If someone had asked me in recent times about the long-term survivability of Le Petit Théâtre I might have said it is year-to-year at best, possibly month-to-month, if not even more tenuous. After the events of last week I can say that Le Petit just may be around forever.

Members of the theater did the right thing when they, in effect, approved a charter change that will allow the board to sell 60 percent of the building to the Dickie Brennan’s Restaurant Group to be used as a restaurant. Most of that part of the building was added onto Le Petit in 1963 and was not part of the more historic original 1922 structure. In return Le Petit gets $3 million which will allow its board to pay off longstanding debts, provide operating money and give the theater its first ever $1 million endowment. (In the world of entertainment, having a high-class restaurant sharing your building doesn’t hurt either.)

Le Petit’s most important element, the large theater, will remain as will some of the backspace and upstairs space. The two owners will share the lobby and patio.
 For the first time in its history, the building, located on St. Peters and Charters Streets, one of the most important corners in the city, will be in use just about every day and night instead of standing dormant most of the time.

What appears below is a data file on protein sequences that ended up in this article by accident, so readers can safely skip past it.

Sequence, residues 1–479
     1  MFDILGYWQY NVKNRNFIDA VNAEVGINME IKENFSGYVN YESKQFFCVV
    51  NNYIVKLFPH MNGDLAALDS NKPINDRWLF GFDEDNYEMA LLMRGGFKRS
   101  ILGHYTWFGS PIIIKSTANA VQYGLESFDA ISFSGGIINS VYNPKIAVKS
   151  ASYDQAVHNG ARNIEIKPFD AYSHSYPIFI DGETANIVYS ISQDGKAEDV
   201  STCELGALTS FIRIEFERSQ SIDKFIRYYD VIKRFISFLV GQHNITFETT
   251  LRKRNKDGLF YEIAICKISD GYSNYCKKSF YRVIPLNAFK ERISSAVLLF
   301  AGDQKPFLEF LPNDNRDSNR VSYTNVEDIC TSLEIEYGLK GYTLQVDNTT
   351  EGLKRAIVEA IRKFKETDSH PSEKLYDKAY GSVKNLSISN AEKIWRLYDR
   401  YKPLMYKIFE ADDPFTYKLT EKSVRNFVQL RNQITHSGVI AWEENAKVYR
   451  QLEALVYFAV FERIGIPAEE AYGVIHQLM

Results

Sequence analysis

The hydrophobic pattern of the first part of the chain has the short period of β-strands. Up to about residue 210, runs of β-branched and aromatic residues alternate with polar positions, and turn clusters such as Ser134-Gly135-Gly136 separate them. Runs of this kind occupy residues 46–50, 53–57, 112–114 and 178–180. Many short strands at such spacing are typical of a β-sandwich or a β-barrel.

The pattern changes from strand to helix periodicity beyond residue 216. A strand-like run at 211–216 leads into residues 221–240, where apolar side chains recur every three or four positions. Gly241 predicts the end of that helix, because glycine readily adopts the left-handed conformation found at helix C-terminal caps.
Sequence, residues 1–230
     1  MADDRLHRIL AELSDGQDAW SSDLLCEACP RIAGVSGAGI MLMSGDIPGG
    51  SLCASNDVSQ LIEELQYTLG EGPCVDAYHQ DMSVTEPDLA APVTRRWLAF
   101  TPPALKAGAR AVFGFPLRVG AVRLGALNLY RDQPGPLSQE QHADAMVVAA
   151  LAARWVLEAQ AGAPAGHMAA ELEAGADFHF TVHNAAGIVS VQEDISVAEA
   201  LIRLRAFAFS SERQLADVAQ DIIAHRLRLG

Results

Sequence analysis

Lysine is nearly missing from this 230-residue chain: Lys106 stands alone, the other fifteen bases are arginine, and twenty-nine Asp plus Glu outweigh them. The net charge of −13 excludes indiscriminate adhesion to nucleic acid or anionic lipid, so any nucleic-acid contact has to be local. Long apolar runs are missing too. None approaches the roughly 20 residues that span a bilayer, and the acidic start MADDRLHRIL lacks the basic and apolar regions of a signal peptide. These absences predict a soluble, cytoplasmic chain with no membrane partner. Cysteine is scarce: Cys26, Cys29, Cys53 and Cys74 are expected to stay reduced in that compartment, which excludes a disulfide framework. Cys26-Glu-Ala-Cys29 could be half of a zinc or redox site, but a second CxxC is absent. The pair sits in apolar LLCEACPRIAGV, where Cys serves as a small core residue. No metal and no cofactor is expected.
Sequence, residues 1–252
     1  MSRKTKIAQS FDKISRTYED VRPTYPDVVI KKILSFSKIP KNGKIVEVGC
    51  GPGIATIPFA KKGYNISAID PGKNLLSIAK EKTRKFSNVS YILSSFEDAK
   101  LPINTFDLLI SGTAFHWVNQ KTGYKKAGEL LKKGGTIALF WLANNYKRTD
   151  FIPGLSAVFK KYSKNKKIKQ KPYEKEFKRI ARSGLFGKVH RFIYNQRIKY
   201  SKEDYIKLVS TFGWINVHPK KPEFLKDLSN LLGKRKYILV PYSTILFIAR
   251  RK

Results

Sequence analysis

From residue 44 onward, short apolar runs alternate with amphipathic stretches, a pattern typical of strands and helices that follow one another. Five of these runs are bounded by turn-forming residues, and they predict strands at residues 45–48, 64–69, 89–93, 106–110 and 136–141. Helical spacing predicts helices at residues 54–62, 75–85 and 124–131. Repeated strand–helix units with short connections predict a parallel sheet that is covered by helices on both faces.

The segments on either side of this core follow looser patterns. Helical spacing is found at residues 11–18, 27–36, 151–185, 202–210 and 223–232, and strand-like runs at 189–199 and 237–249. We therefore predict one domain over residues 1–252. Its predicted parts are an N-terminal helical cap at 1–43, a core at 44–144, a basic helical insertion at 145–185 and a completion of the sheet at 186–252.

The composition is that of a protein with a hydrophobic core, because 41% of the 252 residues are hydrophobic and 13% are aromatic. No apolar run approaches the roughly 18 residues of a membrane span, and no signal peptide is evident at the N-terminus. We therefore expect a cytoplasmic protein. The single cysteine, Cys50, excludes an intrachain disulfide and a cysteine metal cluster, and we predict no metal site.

Le Petit’s board will now have the ability to produce great theater and to run a stable operation. Although many of the theater’s productions in the past have been excellent, the theater could never climb out of debt because of its reputation for losing money. Donors do not want to put good money into a bottomless hole. With stability the theater will have a better chance at development.

Of those who made up the opposition there were no doubt some who were sincere in their intentions as they took what they regarded as a preservationist stance. However a suspicious mind might speculate that there were also some folks pulling strings in the background who wanted to see Le Petit fail so that the building would eventually be purchasable at foreclosure prices. But that’s just a suspicious mind…

Barring delaying legal maneuvers, Le Petit’s neighborhood may soon be enriched by enhanced economic activity and continuing theater. For the good of the city, let it happen.

Krewe: The Early New Orleans Carnival – Comus to Zulu by Errol Laborde is available at all area bookstores. Books can also be ordered via e-mail at gdkrewe@aol.com or by telephone at (504) 895-2266).